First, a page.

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Louis lévesque


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Louis lévesque

  1. 1. 1 Social innovation: The case of drone technology (DRAFT) Presented by Louis Lévesque Deputy Minister of Transport, Infrastructure and Communities May 7, 2015 Annex C XXXXX
  2. 2. 2  Social Innovation: engaging Canadians to stimulate innovation and create positive social outcomes  Definition: “Drones”  Drones: economic and social applications  Drones: New technology with promising applications  Drones: Potential significant economic opportunities….  Drones: An economic opportunity to also access and contribute to development of innovation and peripheral technologies  Canadian technology suppliers are paving the way…  Economic and social benefits from drones will depend on our capacity to overcome several challenges  Social innovation provides a cross-functional platform  Spectrum of potential government/institutional action  Moving forward with social innovation: Adding to the public sector’s existing toolbox to deal with urban congestion Outline
  3. 3. 3 Social innovation: engaging Canadians to stimulate innovation and create positive social outcomes  Today’s challenges are getting more complex and are increasingly requiring multi-stakeholder collaboration and partnerships  Governments are facing budgetary constraints  Citizens’ expectations and ability to engage on issues continues to increase  Increasing pace of technological innovation creates new opportunities and challenges.   Definition Social innovation is about finding more effective ways of engaging Canadians, delivering community services and strengthening communities as a whole through research. It can take the form of a product, process or program that creates positive social outcomes for communities. Source: Social Sciences and Humanities Research Council
  4. 4. 4 Definition  “Drone”: an aircraft without an on-board pilot, or unmanned aircraft. In effect, the term “drone” is a catch-all term that refers to any vehicle that can operate on surfaces or in the air without a person on board to control it; and that can vary in size, shape, form, speed, and a whole host of other attributes. Source: Office of Privacy Commissioner of Canada, “Drones in Canada: Will the proliferation of domestic drone use in Canada raise new concerns for privacy?”, March 2013.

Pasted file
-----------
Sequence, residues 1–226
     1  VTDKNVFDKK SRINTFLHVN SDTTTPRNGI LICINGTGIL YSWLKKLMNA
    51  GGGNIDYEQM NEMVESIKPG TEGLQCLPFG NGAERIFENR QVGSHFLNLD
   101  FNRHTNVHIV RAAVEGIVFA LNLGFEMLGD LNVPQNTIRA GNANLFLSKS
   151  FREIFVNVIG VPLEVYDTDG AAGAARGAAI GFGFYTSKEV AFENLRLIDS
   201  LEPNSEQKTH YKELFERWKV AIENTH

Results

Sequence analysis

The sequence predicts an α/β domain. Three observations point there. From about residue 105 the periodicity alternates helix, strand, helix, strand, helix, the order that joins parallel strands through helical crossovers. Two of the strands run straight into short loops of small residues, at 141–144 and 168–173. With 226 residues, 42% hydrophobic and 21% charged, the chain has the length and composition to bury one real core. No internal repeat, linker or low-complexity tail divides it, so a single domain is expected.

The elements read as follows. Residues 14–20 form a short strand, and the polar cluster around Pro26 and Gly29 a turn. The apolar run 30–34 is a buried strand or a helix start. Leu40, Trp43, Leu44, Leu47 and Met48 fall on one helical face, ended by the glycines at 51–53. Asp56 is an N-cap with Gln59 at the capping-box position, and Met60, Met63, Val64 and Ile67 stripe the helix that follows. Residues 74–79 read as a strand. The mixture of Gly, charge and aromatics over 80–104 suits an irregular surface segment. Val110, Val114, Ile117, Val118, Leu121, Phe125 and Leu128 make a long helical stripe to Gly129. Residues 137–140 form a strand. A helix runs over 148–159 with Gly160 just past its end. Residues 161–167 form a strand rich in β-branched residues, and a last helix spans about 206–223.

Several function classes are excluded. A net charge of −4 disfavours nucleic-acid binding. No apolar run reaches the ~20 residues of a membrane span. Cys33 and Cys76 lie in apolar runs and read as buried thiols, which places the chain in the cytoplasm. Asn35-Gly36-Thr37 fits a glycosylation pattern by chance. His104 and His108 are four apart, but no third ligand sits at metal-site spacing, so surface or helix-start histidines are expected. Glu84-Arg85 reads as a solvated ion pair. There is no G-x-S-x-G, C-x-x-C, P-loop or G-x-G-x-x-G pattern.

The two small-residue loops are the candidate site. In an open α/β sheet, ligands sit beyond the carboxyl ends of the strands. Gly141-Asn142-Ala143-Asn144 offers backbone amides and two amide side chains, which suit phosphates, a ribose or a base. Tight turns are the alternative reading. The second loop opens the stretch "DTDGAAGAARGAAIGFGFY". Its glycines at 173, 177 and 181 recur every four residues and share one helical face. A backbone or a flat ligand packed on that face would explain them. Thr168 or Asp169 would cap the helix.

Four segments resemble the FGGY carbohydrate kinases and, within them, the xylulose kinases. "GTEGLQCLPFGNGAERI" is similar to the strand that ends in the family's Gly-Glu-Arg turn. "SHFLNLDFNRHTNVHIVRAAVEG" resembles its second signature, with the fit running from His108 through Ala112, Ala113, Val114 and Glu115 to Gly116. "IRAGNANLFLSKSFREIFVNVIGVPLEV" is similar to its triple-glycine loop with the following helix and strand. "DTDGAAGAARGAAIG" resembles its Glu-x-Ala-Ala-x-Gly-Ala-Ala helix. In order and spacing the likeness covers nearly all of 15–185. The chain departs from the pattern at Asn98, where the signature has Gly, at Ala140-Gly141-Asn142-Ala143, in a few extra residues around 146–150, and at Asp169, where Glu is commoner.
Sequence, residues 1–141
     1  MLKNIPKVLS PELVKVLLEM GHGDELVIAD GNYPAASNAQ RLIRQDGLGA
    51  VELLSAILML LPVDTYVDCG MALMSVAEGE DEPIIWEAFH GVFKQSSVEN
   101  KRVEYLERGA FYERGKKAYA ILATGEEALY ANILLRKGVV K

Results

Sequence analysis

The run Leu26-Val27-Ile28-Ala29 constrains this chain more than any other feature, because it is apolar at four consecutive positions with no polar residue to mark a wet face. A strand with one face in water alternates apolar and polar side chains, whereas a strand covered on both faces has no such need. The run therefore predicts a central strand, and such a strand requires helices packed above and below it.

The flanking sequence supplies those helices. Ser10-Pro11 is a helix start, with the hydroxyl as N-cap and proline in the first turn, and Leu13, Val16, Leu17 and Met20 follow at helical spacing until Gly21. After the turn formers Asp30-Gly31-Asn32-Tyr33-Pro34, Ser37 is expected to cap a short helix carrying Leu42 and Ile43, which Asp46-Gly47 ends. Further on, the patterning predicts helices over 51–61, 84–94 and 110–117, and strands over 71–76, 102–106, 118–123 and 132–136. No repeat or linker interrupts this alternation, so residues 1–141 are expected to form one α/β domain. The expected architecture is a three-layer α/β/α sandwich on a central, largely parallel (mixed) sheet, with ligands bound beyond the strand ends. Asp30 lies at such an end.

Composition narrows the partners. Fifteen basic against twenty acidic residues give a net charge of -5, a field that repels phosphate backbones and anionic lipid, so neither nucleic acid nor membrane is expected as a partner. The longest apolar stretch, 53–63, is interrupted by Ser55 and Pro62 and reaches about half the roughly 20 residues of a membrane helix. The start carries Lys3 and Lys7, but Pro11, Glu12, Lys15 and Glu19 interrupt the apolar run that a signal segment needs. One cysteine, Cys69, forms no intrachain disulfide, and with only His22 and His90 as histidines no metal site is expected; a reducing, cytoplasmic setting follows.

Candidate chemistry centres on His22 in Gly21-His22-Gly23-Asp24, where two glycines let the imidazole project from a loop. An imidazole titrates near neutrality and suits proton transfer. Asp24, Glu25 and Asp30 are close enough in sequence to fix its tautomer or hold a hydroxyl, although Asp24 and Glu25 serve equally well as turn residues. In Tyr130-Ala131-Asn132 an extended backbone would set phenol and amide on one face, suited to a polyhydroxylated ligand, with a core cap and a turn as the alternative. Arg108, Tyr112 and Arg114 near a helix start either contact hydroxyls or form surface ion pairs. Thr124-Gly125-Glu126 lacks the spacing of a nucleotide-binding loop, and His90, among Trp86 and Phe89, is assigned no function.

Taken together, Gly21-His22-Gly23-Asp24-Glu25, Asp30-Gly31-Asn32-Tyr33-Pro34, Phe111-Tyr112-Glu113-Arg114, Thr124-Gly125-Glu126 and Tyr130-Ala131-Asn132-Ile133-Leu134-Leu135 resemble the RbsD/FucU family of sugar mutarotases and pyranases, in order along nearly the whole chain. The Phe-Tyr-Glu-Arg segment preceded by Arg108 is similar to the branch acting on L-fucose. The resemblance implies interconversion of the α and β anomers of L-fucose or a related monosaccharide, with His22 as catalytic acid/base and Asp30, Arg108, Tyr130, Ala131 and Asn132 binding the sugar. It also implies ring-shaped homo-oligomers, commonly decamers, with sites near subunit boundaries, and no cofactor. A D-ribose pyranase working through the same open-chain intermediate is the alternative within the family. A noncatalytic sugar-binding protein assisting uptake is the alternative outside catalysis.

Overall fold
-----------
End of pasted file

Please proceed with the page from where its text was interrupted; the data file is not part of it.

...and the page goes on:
5. 5. 5 Drones: economic and social applications
  6. 6. Drones: New technology with promising applications 6  Variety of types • Hobby aircraft; • Remotely piloted aircraft; and, • Fully autonomous drones.  Variety of applications – security, economic and societal : • Military, safety and security • Defense and military applications; Disaster management (e.g., response and recovery); Search and rescue; Safety (e.g., pipeline monitoring • Economic/Social applications • Transport (e.g., freight and infrastructure inspection); • Health care (e.g., emergency services); • Environment (e.g., weather monitoring, tailings monitoring); Resource exploration (e.g., geophysical surveys); Agriculture and forestry(e.g., crop monitoring); • Telecommunications;
  7. 7. 7 Drones: Potential significant economic opportunities….  Emerging technologies with potential high economic benefits…. • Global unmanned aircraft system (UAS) market is expected to almost double over the next 10 years to over USD $91 billion, largely driven by expanding civilian use (Teal Group) . • According to their 2014 market study, the current world wide spending on drones is $6.5 billion per year and is estimated to nearly double to $11.5 billion over the next ten years. • Association for Unmanned Vehicle Systems International forecasts that drones and the companies that support them could generate $13.7 billion worth of economic activity in the U.S. and create 70,000 new jobs, by 2016.  Raising needs for new requirements – e.g. insurance • Zurich Canada launched a new drone insurance product for a range of industries to take advance of the risk mitigation and cost savings opportunities available through the use of UAS or “drones”, in April 2015.  Poised to transform transportation sector and lead to new comparative advantage – e.g., addressing last-mile challenges, energy efficiency, environmental footprint and congestion
  8. 8. 8 Drones: An economic opportunity to also access and contribute to development of innovation and peripheral technologies  Drones are a technology platform. The scope of their applications could drive innovation through smart partnerships between drone makers and technology giants, e.g., • Sense-and-avoid software which could be also be used at rail crossings; • New battery technologies; • Motion planning software which could also be used in transportation logistics; and, • Camera and sensor technologies for traffic monitoring.  Other countries are looking to capture their share of the global market and the competition is intensifying with countries such as China, Russia, Australia and Brazil seeking commercial and military applications and supporting research and development efforts, e.g., • As of early 2014, there were an estimated 490 unmanned air vehicle manufacturers based in about 60 countries.